Students May Receive Zeros
by Katie Ng ‘25
The MCPS grading and reporting policy received an update this past fall. Some of the updates include: “R” must be used in Synergy to show assignments may be reassessed; teachers must assign five practice/prep assignments per quarter; and, teachers must contact parents if a student shows “a marked decline in achievement.” Teachers will also use “Z” to show that a student still has an opportunity to turn in a missing assignment along with the 50-percent rule.
Principal Intern Jennifer Herman clarified that teachers may give students a zero on an assignment if they refuse to or fail to complete it, even after the teacher has worked with them. “After the support has been given, and the teacher has made two-way communication with the parent or guardian, a zero can be assigned,” said Herman. A student can also receive a zero if they plagiarize.
MCPS Introduces ‘School Profiles’ Data Site
by Seph Fischer ‘25
The MCPS website has recently unveiled a new “School Profiles” dashboard. Anyone with an internet connection can now view in-depth enrollment, facility, and staffing data for individual schools or the district as a whole, broken down by race, sex, and other demographic lines.
Generally, Sherwood classes have four more students than the average MCPS school. Meanwhile, Sherwood teachers are on average more experienced than county teachers as a whole; 80 percent of Sherwood teachers have greater than fifteen years of experience, while only 54 percent of MCPS teachers as a whole do. Slightly more students score a three or higher on AP tests at Sherwood than the county as a whole, too, but only by about two percentage points. Projections from the Schools Profile dashboard estimate that enrollment at Sherwood will go from 1,757 up to nearly two thousand by the year 2030, which still will be below the building capacity of 2,152.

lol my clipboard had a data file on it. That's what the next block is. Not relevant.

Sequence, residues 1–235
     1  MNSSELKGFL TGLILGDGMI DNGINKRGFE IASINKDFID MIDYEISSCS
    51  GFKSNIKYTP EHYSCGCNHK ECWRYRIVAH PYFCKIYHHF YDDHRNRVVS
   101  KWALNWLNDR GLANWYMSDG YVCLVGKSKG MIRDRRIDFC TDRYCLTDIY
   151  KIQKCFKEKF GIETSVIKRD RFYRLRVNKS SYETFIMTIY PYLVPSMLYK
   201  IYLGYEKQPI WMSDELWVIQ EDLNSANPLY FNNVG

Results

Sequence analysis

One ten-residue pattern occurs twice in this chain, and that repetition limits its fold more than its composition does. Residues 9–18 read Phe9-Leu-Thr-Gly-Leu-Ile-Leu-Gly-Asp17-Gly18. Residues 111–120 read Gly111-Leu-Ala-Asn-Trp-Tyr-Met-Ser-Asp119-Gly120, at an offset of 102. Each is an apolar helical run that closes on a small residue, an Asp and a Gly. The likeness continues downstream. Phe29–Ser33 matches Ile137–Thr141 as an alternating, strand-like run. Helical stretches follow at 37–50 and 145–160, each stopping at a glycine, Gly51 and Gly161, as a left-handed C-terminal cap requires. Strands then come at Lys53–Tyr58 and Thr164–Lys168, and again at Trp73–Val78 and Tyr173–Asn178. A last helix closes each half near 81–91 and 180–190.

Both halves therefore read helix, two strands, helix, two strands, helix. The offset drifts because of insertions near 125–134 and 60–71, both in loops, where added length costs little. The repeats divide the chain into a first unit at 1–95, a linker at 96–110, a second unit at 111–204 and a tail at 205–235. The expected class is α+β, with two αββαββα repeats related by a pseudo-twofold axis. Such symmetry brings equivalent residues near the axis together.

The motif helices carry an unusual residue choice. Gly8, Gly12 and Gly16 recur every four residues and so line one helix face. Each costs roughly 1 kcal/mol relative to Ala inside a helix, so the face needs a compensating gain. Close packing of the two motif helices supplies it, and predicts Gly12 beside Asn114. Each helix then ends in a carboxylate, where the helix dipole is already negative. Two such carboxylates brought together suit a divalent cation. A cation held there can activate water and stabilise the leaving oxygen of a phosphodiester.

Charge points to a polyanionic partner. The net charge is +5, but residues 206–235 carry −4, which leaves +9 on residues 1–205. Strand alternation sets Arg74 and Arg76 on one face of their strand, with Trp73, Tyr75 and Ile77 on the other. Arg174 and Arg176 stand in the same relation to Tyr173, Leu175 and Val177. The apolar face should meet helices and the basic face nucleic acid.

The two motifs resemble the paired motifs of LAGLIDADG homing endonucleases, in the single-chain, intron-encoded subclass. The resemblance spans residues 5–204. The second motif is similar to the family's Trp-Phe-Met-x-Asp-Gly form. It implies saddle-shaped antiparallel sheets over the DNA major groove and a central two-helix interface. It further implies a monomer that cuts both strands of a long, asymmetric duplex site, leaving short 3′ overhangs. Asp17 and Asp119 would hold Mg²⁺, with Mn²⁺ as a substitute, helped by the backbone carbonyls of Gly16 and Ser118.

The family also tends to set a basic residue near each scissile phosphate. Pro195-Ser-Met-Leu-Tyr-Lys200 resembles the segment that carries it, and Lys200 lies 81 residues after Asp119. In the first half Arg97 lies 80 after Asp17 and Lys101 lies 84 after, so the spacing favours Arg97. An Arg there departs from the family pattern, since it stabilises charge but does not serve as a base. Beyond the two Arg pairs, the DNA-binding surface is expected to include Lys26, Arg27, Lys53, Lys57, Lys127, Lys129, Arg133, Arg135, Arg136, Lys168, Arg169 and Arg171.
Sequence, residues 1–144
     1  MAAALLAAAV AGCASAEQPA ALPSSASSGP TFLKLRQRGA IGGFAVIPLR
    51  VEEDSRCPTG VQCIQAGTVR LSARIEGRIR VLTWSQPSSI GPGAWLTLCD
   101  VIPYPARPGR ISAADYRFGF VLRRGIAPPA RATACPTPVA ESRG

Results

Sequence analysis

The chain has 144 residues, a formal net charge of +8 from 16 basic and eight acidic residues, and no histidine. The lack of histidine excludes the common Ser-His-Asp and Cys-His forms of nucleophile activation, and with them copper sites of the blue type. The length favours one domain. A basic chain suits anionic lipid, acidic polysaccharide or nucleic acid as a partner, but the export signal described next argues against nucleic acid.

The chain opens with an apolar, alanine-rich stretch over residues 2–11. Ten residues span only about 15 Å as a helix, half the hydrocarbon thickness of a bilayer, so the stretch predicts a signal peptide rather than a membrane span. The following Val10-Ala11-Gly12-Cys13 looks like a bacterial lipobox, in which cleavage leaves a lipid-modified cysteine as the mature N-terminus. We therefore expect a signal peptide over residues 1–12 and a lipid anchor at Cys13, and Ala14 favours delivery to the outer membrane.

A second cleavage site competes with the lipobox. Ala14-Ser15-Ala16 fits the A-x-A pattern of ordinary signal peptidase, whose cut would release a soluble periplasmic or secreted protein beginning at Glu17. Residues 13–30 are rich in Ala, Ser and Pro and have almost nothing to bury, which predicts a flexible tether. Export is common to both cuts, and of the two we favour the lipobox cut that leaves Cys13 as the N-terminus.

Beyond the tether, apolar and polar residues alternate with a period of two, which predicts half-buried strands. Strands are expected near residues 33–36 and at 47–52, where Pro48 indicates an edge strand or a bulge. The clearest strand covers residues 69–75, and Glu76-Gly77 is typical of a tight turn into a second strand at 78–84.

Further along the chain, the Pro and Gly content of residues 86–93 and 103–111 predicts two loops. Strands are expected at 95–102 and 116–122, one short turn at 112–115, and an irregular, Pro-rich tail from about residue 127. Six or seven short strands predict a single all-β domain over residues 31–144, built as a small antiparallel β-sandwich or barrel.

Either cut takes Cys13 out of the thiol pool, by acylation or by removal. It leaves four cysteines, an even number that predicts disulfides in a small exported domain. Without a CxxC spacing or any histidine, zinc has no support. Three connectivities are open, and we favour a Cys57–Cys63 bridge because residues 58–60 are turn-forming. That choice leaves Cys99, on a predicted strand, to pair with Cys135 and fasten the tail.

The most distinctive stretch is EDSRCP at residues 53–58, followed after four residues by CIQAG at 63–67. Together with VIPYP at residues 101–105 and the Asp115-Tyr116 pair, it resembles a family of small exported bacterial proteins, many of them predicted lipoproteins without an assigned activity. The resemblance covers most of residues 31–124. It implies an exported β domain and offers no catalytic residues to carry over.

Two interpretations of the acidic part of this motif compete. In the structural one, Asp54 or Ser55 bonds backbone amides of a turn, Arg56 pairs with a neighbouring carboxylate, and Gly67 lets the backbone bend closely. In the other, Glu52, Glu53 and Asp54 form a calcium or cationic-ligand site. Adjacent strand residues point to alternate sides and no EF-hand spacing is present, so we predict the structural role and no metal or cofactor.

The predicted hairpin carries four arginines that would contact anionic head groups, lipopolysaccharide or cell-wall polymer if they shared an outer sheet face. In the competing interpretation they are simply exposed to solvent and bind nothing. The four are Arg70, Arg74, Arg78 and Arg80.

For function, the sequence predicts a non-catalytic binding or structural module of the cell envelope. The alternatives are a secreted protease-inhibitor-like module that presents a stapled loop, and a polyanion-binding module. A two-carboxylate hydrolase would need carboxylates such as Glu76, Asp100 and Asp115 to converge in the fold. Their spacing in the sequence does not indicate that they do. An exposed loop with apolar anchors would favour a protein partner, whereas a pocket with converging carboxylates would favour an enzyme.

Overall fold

Students Campaign for Crosswalk on Route 108
by Ben Schoenberg ‘24
A group of students have collected more than 500 signatures of Sherwood students in support of putting in a pedestrian crosswalk on Route 108 between Sherwood and the Ashton Village Center. The student organizers of the @shscrosswalkproject on Instagram believe that a crosswalk would make it much safer for students to cross the busy two-way street.
The leaders of the campaign include sophomores Spiros Barboutsis, Sebastian Kudrycki, and Danny Landi, and senior Andres Campos. For the previous few months, they have collected signatures and hung fliers around the school. They also have communicated with Montgomery County Council Member Will Jawando and SMOB Sami Saeed. Jawando was scheduled to come to Sherwood in early January, but the meeting was canceled due to the school day being shortened because of bad weather.
Student Debt Plan Modified
by Briana Sisler ‘24
Approximately 45 million people in the United States have student debt totalling to around $1.75 trillion. Last year President Biden attempted to forgive some of the federal student loans with a program that could reward up to $20,000 for people with outstanding debt. However, the Supreme Court ruled that Biden didn’t the power to cancel or reduce student debt and needed direct authorization from Congress. This year Biden introduced a new plan.
The Saving on a Valuable Education (SAVE) is not a one-time debt forgiveness program but instead is a repayment plan. The payment plan is income-driven and payments are calculated based on the borrower’s income and their household size. The plan lowers the threshold required to qualify for a monthly payment of $0 and unpaid interest will not accrue if full monthly payments are made. Around seven million people have already signed up for the SAVE plan and four million people qualify for a monthly payment of $0. In July people who have borrowed at most $12,000 and have been paying for at least ten years can have their remaining balance cancelled. Every additional $1,000 borrowed will equate to an extra year until the remaining balance can be cancelled.